Exciting Opportunities to Contribute
Under the leadership of Dean Carol Romano, former Chief Nurse Officer for the U.S. Public Health Service, the Daniel K. Inouye Graduate School of Nursing (GSN) at the Uniformed Services University (USU) of the Department of Defense has recently initiated graduate student clinical placements in American Samoa. Located in the South Pacific, midway between Hawaii and New Zealand, this site was chosen in 1872 as a coaling station for the U.S. Navy. After the attack on Pearl Harbor on December 7, 1941, naval activity there increased significantly. On January 11, 1942, a Japanese submarine surfaced off the coast of Tutuila and fired 15 shells from its deck gun at the Naval Station, most landing harmlessly in the bay. This fire was not returned and it turned out to be the only Japanese attack on American Samoa during World War II.
American Samoa is a U.S. territory, covering seven islands and atolls. Its current population approximates 55,500 with a land mass of 76.8 square miles, slightly more than Washington, DC. It is noted for having the highest rate of military enlistment of any U.S. state or territory. Today, health care is provided by the Department of Health (DOH), the Lyndon B. Johnson tropical medical center, a VA clinic, and a federally qualified community health center. Traditional private practice is essentially non-existent. With an extreme shortage of health professionals of all disciplines, as is all too common throughout rural America, health disparities are rampant.
“Lt. Christopher Johnson (U.S. Navy) and I, Major Douglas Taylor (U.S. Army), were the first Graduate School of Nursing students from USU to complete a clinical rotation in American Samoa. It was a three-and-a-half week rotation, the first of a new partnership between the USU and the Department of Health of American Samoa. Professors Jill Schramm, Eric Pauli, and several other faculty members recognized the military and healthcare educational value of this experience. They worked with American Samoan partners, Sandra King-Young, DOH Director Motusa Tuileama To’atolu Nua (retired US Army), and others to establish a Memorandum of Understanding (MOU) signed personally by the Governor of American Samoa and the President of USU. Lt. Johnson is a Women’s Health and Family Nurse Practitioner student and I am a Psychiatric Mental Health Nurse Practitioner student. Interestingly, Mrs. King-Young served as an American Samoan Fellow in the office of the late U.S. Senator Daniel K. Inouye. In our judgment, this clinical experience was critical to our military mission, health education, and without a doubt, our personal growth.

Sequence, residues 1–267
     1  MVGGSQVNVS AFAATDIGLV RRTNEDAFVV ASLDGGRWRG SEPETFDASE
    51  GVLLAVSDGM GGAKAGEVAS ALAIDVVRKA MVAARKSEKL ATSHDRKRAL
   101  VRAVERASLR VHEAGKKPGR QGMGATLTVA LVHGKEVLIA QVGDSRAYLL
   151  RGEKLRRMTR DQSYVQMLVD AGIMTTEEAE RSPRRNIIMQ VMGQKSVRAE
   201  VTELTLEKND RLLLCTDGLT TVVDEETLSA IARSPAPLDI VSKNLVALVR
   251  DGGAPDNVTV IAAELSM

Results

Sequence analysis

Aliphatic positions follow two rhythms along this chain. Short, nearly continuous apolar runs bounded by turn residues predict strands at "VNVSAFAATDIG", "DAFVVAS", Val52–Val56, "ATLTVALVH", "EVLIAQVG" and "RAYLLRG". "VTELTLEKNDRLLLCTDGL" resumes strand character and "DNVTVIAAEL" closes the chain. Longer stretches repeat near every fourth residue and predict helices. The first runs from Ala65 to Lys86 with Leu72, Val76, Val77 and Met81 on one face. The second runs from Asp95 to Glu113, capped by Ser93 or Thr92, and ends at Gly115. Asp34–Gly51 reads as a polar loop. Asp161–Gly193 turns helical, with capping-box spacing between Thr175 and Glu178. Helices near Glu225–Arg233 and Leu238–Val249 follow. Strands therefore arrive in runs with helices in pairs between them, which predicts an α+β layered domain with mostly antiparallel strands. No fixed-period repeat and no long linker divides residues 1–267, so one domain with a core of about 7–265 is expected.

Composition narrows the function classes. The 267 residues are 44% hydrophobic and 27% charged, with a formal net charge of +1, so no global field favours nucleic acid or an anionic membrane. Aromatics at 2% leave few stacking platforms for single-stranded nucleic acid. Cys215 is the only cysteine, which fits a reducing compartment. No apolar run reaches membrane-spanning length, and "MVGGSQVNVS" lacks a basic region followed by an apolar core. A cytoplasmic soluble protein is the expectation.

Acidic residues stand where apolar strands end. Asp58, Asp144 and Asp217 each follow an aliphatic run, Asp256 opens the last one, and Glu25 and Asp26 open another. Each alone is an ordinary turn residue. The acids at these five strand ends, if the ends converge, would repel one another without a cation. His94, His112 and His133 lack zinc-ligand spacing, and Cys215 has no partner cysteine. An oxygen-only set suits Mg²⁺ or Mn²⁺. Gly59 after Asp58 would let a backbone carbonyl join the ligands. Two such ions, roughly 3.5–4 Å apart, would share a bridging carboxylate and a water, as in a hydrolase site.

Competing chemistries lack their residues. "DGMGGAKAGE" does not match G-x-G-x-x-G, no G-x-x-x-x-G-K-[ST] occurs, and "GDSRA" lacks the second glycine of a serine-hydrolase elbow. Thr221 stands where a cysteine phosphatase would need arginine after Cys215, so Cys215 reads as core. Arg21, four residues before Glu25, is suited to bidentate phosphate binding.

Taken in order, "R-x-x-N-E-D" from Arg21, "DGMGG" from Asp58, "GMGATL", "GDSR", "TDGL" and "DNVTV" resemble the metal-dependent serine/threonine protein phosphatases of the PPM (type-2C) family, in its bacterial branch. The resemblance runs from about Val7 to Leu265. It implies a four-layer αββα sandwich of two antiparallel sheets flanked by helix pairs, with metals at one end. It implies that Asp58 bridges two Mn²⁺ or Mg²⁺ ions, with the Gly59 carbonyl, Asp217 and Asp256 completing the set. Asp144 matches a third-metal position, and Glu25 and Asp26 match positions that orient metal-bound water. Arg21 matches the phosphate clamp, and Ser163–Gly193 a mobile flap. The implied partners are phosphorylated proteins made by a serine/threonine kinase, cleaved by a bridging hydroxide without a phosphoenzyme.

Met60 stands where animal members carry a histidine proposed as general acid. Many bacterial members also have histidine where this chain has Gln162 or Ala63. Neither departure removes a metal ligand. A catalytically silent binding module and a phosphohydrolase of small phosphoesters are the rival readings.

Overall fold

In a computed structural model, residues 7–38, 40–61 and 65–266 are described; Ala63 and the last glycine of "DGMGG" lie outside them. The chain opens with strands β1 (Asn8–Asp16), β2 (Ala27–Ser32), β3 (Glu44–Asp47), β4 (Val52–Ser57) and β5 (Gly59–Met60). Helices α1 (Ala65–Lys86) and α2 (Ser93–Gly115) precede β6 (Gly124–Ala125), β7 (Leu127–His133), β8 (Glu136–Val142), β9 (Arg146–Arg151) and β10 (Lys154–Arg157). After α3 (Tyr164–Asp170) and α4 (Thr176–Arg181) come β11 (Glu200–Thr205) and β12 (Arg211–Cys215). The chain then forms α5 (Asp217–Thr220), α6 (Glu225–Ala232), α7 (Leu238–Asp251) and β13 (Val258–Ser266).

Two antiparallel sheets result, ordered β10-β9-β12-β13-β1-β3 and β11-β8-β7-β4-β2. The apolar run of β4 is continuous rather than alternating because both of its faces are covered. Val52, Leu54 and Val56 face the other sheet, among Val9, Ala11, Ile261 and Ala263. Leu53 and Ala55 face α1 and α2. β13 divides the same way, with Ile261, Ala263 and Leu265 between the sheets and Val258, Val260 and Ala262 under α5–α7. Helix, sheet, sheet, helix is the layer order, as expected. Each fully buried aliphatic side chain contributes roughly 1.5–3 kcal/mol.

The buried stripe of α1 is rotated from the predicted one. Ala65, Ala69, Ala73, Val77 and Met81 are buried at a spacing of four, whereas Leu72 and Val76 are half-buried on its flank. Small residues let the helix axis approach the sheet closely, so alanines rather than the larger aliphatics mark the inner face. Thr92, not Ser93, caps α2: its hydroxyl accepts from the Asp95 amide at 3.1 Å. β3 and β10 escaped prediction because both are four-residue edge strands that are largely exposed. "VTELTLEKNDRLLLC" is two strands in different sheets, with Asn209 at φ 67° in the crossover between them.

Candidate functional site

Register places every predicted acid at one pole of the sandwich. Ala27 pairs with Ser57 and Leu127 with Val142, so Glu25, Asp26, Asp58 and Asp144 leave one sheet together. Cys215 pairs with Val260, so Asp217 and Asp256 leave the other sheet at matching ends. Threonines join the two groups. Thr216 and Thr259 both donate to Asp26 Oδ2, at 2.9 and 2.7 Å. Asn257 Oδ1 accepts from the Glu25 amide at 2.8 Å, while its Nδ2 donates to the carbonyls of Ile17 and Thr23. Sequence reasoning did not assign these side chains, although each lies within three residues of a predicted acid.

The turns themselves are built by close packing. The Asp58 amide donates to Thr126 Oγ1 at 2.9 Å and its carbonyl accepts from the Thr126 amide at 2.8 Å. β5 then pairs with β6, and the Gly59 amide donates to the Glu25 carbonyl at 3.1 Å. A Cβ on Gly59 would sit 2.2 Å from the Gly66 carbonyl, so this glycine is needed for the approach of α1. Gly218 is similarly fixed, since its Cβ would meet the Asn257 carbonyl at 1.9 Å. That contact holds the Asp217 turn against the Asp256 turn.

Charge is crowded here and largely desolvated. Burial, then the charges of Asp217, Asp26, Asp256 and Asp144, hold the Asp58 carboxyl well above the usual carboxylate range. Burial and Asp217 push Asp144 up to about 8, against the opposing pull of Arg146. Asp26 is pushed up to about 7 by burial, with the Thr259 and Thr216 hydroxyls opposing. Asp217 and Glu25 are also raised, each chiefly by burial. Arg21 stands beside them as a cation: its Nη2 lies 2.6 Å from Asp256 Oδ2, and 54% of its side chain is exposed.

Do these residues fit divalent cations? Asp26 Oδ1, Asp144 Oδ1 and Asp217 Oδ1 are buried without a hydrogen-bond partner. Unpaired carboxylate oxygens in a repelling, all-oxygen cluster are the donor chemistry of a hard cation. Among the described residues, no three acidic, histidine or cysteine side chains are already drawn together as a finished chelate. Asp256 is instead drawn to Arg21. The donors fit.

“The mission of a military health officer is ensuring a Ready Medical Force and a Medically Ready Force. The medically ready force ensures our Service Members are ready for combat, but the ready medical force ensures that, as a health professional, I am ready to deploy and engage in medical care anywhere in the world. Our clinical rotation to American Samoa expanded our ability to effectively meet the mission of a ready medical force. The United States projects its presence in many ways and one such way is supporting, building, and contributing to the health stability of a region. I have to be ready to engage local leaders, local media, and local health providers. American Samoa provided a real-life testing of these skills.
“On our first day, jet lag in full force, we met with the Governor and Lt. Governor (a Veteran himself) and were surprised to find both news reporters and camera crew waiting to interview us [http://samoanews.com/visiting-medical-practitioners]. My training from Army Captains Career Course and media training from Operation Bushmaster (a field training exercise at USU) kicked in, and Lt. Johnson and I successfully navigated a media event, redirecting questions like ‘Will the U.S. military do anything about the supply shortages on the island?’ back to our clinical mission. Lastly, each day on the island, we engaged with local health providers, providing education and mentorship – ensuring that our presence had a lasting change to island health care.